In trying to get to the bottom of what happened we heard comments such as: “They didn’t have any more money,” “It’s better to have them as a partner than to lose them,” “I couldn’t offer a big brand like that a low-tier partner level,” and “An association with them will attract sponsorship from other brands.”

Like all deals, there was no going back on a handshake, so making this work was a bit of a nightmare. No other brands came on board because they thought we would be well supported by this big brand partner, and the brand’s team was very demanding.

It was a hard slog but the team delivered. The lesson everyone learned was the importance of coming to, and sticking to, the right proposal valuation and pricing margins.


The responsibility for raising funds within an organisation often rests on the shoulders of one person or one team, but, realistically, everyone should work their networks.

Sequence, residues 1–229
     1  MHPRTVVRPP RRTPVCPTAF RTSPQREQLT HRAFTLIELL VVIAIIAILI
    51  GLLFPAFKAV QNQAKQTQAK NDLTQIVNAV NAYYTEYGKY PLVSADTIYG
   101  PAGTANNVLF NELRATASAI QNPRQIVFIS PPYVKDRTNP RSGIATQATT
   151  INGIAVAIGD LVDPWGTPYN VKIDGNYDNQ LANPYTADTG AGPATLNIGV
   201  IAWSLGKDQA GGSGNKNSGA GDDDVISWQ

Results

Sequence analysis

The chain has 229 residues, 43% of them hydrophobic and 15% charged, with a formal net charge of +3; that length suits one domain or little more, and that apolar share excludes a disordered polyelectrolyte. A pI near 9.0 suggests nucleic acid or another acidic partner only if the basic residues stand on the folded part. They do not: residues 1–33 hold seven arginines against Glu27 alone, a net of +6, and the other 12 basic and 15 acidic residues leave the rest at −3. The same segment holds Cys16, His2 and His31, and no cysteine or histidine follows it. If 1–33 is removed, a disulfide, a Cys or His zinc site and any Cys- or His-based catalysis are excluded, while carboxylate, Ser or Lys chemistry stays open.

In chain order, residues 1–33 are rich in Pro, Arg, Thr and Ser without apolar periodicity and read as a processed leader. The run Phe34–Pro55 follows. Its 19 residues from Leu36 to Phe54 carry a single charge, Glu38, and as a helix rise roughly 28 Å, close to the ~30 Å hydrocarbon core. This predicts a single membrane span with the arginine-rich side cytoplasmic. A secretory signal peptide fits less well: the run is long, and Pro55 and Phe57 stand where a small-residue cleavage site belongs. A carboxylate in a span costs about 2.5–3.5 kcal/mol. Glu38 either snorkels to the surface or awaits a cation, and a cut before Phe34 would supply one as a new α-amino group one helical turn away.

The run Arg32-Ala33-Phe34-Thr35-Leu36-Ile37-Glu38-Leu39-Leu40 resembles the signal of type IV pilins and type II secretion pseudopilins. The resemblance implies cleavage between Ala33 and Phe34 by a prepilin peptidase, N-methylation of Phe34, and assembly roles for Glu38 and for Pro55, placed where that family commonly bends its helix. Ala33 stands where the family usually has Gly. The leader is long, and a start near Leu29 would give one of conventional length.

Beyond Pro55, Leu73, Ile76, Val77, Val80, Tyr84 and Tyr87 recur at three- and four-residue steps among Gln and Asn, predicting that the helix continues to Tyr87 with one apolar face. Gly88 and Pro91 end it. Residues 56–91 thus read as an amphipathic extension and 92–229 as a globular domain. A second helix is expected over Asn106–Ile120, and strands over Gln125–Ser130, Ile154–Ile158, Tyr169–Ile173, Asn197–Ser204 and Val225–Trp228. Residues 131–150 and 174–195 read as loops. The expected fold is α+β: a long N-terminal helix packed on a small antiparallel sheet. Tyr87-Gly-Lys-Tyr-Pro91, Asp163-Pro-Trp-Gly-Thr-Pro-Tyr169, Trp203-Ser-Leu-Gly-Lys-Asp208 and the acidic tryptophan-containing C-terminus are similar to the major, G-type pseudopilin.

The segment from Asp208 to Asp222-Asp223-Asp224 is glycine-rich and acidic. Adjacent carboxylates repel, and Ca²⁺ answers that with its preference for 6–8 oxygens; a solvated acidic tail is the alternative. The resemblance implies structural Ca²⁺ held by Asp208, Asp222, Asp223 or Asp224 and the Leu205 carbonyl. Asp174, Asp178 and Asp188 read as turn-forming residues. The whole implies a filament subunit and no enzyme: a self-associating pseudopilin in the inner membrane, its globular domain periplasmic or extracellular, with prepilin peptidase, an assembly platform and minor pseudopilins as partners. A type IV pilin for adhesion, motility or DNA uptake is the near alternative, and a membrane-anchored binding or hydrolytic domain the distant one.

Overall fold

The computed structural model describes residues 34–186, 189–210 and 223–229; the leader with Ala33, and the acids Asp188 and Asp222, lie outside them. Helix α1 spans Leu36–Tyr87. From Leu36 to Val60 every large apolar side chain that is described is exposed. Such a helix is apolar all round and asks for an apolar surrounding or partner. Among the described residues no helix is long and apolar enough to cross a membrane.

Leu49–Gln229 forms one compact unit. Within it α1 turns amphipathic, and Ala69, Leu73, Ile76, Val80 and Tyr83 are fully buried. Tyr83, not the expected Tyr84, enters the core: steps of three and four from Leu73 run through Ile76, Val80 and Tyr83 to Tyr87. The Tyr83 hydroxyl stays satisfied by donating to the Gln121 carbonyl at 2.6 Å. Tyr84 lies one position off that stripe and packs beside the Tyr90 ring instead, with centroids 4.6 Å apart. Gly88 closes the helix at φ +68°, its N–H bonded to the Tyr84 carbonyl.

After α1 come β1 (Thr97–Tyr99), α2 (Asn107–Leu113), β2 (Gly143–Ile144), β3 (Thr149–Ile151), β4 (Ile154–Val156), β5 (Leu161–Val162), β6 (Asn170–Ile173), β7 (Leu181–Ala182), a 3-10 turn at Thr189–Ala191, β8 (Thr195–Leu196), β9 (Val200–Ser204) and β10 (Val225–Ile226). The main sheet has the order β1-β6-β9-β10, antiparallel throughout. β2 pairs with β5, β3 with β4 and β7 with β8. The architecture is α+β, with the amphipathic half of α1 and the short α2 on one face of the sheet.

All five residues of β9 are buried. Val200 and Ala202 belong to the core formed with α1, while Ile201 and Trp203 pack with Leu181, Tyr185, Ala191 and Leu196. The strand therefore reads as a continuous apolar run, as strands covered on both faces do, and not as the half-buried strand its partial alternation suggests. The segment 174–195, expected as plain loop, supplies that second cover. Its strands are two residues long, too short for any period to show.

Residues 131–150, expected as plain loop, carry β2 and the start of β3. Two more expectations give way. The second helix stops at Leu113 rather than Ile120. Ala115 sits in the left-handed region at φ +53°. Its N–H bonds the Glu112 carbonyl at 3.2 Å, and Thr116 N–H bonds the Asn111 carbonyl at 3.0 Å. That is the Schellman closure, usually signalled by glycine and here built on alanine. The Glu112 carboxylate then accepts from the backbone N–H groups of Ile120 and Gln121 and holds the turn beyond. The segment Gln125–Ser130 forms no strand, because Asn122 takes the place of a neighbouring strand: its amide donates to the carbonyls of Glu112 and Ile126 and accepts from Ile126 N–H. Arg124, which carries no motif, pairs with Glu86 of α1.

I worked on a project that had lots of support from the market – lots of partners wanted in – so raising revenue was not a terrible struggle. We had some great assets and the packaging process had been built in collaboration with the delivery team, so we knew we could deliver as promised for brands. As a result we reached our revenue target in line with the planned timeline. We then moved on to tracking down the stretch target, and this was where the wheels fell off.

Assuming we would reach our stretch target, the delivery team decided it must be easy to raise revenue and started to push the spend budget without discussion with the commercial team.

As we approached the event’s go-live date, the CEO was putting more and more pressure on the commercial team. We heard comments such as, “There is a shortfall in the spend budget, so you’ll just need to raise another $X,” “How hard can it be?” and “Just make a few phone calls and sort it out.”

Money had to be found for a budget that the delivery team had already committed, or the project was at risk of collapse!